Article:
Over the past month, Petrotrin has been experiencing some significant restructuring and several of the top tier of management were asked to resign following the resignation of its president. While Petrotrin continues to suffer with financial constraints and struggles to find its footing in a new landscape, other state-run oil companies around the world have been seeing success. Colombian oil company, Ecopetrol, is one such company.
Alvaro Uribe, former President of Colombia, previously spoke at the Trinidad and Tobago Energy Conference (Energy Conference) in 2014 about the lessons learned in Colombia and the difficult decisions that were taken to make Ecopetrol what it is today.
Ecopetrol recently announced that their net profit at the end of 2017 increased to 6.6 trillion pesos (US$2.3 billion) which has been the highest profit they have made in four years. An Ecopetrol release indicates that, in 2017, the company earned profit that was 16 per cent higher than 2014, despite a 45 per cent decrease in crude prices.
In addition, the company’s earnings before interest, taxes, depreciation and amortisation (EBITDA) was 23.1 trillion pesos, 28 per cent higher than 2016. Operating cash generation increased by 2.7 trillion pesos compared to 2016, and 5.3 trillion pesos compared to 2015 when average Brent price was at the same level as in 2017.
Headed by CEO Felipe Bayon Pardo, Ecopetrol has managed to be profitable at a time where commodity prices have fallen. He stated that, ‘2017 was a year of great operational and financial success for Ecopetrol. We are a more efficient and disciplined company, demonstrating our technical capabilities and resilience by emerging stronger from the crisis of low oil prices’. He added that, ‘we remained focused on seeking excellence and safety in all our operations and meeting our production goals with a better balance of reserves. These are basic foundations for the company’s growth’.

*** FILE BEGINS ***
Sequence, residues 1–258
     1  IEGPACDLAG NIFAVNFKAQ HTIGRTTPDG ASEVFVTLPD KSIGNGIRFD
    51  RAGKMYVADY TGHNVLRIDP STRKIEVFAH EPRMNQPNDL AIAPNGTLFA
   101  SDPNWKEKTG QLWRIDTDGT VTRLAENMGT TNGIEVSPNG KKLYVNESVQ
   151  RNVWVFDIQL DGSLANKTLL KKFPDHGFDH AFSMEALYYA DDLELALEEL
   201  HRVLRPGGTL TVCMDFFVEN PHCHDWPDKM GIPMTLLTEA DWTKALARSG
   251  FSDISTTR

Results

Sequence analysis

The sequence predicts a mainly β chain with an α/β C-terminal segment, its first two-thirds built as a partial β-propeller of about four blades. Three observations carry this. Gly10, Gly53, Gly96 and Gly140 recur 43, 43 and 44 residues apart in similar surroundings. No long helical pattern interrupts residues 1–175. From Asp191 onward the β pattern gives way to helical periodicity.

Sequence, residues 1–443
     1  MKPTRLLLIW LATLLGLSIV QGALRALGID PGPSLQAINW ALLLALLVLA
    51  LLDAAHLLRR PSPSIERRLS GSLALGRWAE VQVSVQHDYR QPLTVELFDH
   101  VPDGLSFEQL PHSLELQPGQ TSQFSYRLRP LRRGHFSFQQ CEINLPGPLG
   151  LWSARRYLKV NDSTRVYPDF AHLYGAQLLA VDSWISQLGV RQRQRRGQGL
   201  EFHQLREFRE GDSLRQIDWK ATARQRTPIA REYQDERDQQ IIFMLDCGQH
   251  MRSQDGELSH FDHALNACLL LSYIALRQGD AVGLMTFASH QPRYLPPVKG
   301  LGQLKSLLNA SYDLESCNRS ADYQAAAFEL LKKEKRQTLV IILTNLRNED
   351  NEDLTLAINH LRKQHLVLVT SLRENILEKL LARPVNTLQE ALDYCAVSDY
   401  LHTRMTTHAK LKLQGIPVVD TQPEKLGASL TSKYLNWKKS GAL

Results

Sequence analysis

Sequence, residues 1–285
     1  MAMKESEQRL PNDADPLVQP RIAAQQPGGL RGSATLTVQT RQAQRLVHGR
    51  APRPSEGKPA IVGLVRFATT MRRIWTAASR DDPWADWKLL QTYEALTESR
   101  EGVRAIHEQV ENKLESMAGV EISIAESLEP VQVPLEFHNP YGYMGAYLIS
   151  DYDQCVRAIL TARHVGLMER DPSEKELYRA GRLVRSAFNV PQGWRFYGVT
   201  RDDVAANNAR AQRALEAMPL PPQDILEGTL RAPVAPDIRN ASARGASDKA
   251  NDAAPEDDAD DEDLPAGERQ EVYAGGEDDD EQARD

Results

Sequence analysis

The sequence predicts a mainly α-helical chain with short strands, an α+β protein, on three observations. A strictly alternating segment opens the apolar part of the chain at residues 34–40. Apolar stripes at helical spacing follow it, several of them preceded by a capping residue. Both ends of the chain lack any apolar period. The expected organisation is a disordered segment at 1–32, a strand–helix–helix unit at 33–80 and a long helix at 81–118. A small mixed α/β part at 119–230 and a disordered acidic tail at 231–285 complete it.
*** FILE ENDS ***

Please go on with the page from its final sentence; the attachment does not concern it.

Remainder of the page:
In 2017, the company saw the successful execution of the global performance test of the new Cartagena Refinery. The refinery capacity was also increased to the highest in Colombian history at a stabilised 346,000 barrels per day at each of its refineries at Cartagena and Barrancabermeja.
Ecopetrol invested a total of US$2.2 billion in 2017 — 80 per cent of this was allocated to exploration and production (E&P).
The CEO noted that he was satisfied with the results achieved with the certification of reserves target, which showed a change of trend. He added that proven reserves totaled 1,659 million barrels of oil equivalent, average life increased to 7.1 years and reserve replacement index was 126 per cent, the highest in the past three years.